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NBA Lockout: Millionaires vs Billionaires, and One High School Teacher's Opinion

David Heeb@@DavidHeebCorrespondent IOctober 21, 2011

Derek Fisher has to be tired of saying the same thing over, and over, and over...
Derek Fisher has to be tired of saying the same thing over, and over, and over...Patrick McDermott/Getty Images

The NBA players and owners both sat down for more than 30 hours of negotiations this week with a federal mediator.  Sadly, according to the latest report, there appears to be no end in sight to this lockout.

Both sides walked away from negotiations last night, and as has been the case throughout this ugly ordeal, they are both blaming each other. 

I could go on and on about how David Stern said this.  Or I could talk about what Dwayne Wade said. or Andrew Bogut said .  I could go into great detail about how a bunch of millionaires and billionaires are arguing over how to divide over four billion dollars in revenue a year. 

I could even talk about how in this economy, where so many Americans are struggling to make ends meet, the NBA Lockout is costing ticket vendors and maintenance people their jobs.  I could talk about how petty this makes the players look.  I could talk about how greedy it makes the owners look.

I am not here to talk about that today.  You can go somewhere else to read that. 

To quote Kid Rock, this is "for the 40 hour overtime workin' man, and to the good women out there, I know you'll understand..."

I am a high school teacher in Missouri, and I also coach high school basketball.  So it is really hard for me to comprehend the NBA players basically saying, "no, this is not enough money for me to play basketball.  Seriously?  You get paid millions and millions of dollars to play a game! 

Gilbert Arenas makes more in one year that a teacher or police officer could make in an entire career.
Gilbert Arenas makes more in one year that a teacher or police officer could make in an entire career.Mark Wilson/Getty Images

As a matter of fact, the NBA is the highest paying sports league in the world, at least according to this report by FOX.  The average NBA player makes $4,790,000 per season, or roughly $92,199 per week.  That is an outrageous amount of money to get paid to play the game you love.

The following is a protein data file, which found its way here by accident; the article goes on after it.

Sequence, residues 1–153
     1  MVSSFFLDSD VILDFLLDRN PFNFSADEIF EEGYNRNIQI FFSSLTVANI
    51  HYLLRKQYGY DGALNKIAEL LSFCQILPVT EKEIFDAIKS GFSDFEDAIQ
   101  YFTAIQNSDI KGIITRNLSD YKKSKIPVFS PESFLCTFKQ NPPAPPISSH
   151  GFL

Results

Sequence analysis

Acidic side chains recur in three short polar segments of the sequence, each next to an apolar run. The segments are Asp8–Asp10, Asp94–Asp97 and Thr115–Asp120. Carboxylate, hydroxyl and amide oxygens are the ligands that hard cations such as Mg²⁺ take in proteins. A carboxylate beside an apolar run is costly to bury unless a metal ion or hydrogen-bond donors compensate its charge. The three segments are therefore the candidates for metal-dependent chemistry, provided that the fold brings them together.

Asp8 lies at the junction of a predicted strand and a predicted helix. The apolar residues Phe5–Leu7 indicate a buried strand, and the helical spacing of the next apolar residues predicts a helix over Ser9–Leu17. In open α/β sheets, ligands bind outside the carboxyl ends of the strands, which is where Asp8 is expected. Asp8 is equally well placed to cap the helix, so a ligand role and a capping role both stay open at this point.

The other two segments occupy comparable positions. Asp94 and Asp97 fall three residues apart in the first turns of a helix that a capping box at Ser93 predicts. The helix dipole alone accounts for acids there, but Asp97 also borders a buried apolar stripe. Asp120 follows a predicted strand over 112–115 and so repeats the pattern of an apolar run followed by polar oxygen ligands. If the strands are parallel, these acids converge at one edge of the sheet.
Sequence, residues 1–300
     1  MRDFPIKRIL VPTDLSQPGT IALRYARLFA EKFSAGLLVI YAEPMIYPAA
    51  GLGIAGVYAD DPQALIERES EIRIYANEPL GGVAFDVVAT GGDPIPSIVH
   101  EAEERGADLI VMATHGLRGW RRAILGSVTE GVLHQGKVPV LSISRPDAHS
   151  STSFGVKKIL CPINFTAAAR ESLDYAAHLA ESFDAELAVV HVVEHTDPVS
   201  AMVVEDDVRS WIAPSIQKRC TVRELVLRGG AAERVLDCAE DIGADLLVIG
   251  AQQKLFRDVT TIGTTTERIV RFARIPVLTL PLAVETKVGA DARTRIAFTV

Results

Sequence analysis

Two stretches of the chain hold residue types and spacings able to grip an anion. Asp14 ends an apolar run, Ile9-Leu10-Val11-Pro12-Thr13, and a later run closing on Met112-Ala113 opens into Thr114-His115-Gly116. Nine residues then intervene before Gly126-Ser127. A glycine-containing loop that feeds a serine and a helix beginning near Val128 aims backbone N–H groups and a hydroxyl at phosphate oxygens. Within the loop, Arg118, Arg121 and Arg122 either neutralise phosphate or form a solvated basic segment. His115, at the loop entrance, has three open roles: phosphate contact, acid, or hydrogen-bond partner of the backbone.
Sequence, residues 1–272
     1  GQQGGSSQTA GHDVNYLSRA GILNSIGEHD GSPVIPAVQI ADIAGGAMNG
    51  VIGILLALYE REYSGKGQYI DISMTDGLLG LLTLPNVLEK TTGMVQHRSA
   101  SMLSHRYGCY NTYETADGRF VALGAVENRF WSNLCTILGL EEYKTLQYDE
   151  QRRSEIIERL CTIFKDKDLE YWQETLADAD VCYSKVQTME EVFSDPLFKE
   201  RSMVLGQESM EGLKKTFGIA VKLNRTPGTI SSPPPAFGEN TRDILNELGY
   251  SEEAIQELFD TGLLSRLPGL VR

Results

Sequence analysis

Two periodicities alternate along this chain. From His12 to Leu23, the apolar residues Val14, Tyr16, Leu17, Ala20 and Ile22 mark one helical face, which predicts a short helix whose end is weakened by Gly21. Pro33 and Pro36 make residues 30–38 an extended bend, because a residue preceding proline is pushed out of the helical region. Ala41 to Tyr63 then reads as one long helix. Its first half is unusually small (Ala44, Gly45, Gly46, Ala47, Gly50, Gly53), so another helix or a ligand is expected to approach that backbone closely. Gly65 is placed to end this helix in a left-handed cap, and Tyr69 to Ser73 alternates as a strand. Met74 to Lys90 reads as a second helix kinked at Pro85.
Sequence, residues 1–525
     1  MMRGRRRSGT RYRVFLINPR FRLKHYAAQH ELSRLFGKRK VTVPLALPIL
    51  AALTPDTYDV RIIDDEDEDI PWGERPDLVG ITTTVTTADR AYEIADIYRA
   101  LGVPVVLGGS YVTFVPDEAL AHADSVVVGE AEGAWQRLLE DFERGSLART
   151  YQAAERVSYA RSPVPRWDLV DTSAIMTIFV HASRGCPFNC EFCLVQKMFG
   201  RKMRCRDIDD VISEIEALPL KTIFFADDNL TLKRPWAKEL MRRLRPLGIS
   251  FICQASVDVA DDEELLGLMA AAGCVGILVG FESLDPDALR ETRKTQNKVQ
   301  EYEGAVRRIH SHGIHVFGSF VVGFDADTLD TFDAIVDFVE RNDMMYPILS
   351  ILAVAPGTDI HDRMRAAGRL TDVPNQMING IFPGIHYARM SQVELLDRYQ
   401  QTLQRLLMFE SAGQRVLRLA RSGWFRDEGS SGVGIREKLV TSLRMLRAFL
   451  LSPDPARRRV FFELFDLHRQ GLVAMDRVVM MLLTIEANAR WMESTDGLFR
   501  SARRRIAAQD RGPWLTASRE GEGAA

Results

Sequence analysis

Considering the average starting salary for a Philadelphia police officer ($42,474), or what it pays to be a firefighter in Los Angeles (about $51,000), these NBA players are making a pretty good living.  When you consider that most young Marines fighting in Afghanistan ($20,000 or less to start out) are making less than a quarter of what the average NBA player makes in a week, it is just hard to feel sorry for the players.

On the other hand, the players are the entertainment.  They are what the fans pay to see.  The owners, they just foot the bill.

These owners are making a killing off of the talents and efforts of their players.  So let's all remember that first of all.  Also, these owners are so obscenely rich that they had money to spend on a pro sports team!  Think about that for just a second—Peter Guber, the new owner of the Golden State Warriors, had an extra $450 million dollars laying around, so he just decided to buy a sports team.

Jerry Buss, the owner of the Los Angeles Lakers, has a net worth of over $600 million dollars.  Of course, the Lakers are probably the most glamorous franchise in the NBA, and Buss always spends plenty of money to keep the Lakers contending for championships.  But Buss's net worth is a drop in the bucket compared to the man that bought the New Jersey Nets.

Don't feel sorry for the owners.  Jerry Buss can afford to lose a few dollars.
Don't feel sorry for the owners. Jerry Buss can afford to lose a few dollars.Kevork Djansezian/Getty Images

That would be Mikhail Prokhorov, who is worth over $18 billion dollars.

So when the owners talk about losing money (and they are losing money), that would be like you or me talking about losing five dollars in the dryer.

The basic argument between the players and owners is about two things: (1) How to split the money, and (2) The "system issues."

The money issue is where the players have a legitimate gripe.  Under the current system, the players get 57% of all Basketball Related Income (BRI).  That means for every dollar the league generates (around $3.8 billion dollars last year), 57% of that goes to the players, and the remaining 43% goes to the owners (to cover business costs, and to turn a profit).